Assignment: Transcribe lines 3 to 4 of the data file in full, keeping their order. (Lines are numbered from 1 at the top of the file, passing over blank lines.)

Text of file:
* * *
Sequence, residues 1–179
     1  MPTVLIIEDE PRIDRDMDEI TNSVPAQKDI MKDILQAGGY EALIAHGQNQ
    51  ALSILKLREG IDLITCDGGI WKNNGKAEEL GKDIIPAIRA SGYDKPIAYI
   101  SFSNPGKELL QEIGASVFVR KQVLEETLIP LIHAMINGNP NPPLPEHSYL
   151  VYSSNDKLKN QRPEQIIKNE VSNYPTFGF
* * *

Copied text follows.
    51  ALSILKLREG IDLITCDGGI WKNNGKAEEL GKDIIPAIRA SGYDKPIAYI
   101  SFSNPGKELL QEIGASVFVR KQVLEETLIP LIHAMINGNP NPPLPEHSYL